I photograph all my stones in my office where I have three 4100K CFL spot lamps (sunlight is around 4800K, but I’ve found those lamps to have too much blue) in an adjustable ceiling mount, so thy point down (from over my shoulder) to a photographing desk, to avoid most reflections. But this really isn’t much light so I end up using a tripod for my photography as most of the photographs are done using exposure times of around 1/8 of a second to 1/20th of a second with f-stops of F-4 to F-5, so the depth of field is sufficient to keep the whole stone in focus. These slow exposure time would create unacceptable motion or blur in my photographs if the camera was hand held, so a tripod is mandatory. And all photography is done using manual metering mode. Auto light metering will overexpose the stones…especially white opal, since I am photographing on a dark background.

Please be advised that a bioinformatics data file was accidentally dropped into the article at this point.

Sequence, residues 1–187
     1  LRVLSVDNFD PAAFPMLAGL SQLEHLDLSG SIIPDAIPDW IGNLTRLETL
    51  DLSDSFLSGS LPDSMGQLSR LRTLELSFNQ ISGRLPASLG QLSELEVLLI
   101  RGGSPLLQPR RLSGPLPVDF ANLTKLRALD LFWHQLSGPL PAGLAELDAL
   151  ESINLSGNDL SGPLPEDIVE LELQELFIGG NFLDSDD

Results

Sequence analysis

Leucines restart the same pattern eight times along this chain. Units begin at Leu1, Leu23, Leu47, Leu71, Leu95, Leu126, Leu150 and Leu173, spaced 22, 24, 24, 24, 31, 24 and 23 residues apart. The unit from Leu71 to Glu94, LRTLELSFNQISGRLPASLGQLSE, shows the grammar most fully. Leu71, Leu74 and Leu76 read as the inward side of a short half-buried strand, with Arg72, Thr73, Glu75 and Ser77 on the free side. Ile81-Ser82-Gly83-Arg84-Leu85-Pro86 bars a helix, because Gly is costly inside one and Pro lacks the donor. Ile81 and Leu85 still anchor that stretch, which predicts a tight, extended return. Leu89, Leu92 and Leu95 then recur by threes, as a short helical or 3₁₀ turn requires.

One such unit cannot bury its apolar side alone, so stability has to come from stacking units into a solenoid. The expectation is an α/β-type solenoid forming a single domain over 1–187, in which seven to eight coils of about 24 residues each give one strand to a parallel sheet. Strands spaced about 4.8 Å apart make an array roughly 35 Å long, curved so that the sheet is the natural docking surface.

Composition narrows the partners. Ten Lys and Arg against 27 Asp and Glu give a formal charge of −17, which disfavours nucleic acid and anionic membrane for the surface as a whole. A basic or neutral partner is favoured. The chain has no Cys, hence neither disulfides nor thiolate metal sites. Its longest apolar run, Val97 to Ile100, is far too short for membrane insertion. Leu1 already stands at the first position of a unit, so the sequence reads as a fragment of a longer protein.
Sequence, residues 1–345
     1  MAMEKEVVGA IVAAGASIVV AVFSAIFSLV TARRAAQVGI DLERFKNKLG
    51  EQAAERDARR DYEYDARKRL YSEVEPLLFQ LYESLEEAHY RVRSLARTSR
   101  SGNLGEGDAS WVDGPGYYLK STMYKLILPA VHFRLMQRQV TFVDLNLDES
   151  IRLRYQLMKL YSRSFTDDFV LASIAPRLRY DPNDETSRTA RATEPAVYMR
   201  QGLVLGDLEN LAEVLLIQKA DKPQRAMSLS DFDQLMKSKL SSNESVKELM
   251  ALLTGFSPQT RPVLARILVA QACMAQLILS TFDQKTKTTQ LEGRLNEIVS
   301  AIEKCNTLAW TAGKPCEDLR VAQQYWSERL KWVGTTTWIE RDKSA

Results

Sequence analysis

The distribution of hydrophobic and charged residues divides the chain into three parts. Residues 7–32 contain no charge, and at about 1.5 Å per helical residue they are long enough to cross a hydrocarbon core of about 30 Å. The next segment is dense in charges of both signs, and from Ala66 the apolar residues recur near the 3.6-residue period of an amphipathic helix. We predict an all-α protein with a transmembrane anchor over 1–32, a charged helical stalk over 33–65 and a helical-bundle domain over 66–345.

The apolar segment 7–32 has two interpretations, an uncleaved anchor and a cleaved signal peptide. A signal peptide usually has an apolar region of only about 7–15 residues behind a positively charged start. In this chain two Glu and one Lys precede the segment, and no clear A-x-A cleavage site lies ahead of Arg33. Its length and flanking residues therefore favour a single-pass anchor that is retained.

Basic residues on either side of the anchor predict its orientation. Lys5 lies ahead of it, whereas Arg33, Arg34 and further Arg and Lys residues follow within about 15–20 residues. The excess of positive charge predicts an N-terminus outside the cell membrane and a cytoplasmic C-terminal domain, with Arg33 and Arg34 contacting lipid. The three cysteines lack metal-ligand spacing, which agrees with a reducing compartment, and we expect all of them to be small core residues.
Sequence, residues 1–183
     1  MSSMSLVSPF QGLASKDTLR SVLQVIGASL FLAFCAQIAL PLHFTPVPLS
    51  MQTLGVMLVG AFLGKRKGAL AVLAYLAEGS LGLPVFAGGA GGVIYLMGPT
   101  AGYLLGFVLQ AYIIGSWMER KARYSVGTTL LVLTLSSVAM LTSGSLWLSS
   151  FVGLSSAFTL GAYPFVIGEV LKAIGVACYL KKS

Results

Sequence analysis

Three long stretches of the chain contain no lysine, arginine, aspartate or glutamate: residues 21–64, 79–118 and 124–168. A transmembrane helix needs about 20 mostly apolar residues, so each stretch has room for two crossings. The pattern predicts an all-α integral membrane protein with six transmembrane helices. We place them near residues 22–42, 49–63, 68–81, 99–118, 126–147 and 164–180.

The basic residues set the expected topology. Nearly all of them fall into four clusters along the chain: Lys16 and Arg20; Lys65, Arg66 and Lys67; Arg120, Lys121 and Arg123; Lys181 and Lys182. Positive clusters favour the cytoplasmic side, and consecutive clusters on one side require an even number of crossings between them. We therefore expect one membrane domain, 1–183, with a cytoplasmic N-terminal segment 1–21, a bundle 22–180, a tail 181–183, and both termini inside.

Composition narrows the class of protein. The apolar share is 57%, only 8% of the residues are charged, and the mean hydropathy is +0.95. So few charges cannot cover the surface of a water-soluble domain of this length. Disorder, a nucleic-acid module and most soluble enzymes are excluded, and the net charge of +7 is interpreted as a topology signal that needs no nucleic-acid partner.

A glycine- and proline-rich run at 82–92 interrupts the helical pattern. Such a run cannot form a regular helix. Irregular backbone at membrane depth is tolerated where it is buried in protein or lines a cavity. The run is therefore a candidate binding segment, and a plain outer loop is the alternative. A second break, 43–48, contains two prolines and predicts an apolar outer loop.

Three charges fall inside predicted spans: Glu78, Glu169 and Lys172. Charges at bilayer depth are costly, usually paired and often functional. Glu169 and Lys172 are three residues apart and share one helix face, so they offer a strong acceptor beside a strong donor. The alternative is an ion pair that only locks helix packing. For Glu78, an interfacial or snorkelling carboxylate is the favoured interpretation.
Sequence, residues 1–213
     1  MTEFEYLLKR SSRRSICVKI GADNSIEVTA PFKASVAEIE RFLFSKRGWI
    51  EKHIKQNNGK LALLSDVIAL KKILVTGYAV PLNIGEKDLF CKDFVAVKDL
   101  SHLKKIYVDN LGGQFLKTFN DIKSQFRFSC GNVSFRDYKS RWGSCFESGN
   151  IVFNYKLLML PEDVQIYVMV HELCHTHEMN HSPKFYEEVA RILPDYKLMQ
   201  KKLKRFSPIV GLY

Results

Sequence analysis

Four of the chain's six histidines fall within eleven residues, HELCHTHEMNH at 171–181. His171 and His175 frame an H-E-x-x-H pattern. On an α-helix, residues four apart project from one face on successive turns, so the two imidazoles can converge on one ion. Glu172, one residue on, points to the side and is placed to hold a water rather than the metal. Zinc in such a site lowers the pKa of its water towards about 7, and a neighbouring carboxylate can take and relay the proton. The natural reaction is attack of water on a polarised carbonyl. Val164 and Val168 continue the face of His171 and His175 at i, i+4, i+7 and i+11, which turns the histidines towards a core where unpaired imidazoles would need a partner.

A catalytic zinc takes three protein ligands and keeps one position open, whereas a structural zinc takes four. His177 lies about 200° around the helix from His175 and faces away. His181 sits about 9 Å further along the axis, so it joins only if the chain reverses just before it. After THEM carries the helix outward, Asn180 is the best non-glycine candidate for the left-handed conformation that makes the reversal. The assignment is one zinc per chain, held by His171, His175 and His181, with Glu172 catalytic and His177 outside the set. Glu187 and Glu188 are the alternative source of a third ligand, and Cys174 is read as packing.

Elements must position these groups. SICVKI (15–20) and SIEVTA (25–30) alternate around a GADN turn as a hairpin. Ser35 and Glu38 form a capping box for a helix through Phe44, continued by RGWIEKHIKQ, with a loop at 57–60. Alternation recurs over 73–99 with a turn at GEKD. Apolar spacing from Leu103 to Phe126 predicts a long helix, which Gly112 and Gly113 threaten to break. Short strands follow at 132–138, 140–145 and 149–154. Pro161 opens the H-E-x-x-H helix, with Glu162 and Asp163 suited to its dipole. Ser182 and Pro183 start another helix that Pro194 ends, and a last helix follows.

At least for now I have a Nikon P510 camera, but I go through a camera every couple years since I am doing so many photographs. It seems like the auto focus doesn’t hold up well. And it’s easy to bump a camera on a tripod and break the camera…oops. The Nikon Coolpix P510 is heavy on the greens (tans and grays have a green tint) and unfortunately reds don’t show up well either. So I use “Auto Color” adjustment in Photoshop Elements 2012. This nicely corrects the camera color deficiency without affecting the saturation or hue. In Elements 2012, I also use “Auto Contrast” and “Auto Sharpen” and then finally adjust the “Brightness” manually to match whatever I am photographing. It usually works well and have had few complaints that the photograph looks too good…something I desperately try to avoid. I would rather have people pleasantly surprised when they open the package I’ve shipped them, rather than be disappointed. In some instances I hold the stone under a 4100K lamp on my computer desk to be sure the image on my monitor matches the stone when doing adjustments in Photoshop Elements. Any questions or suggestions please call me (Steve) at 406-651-4947.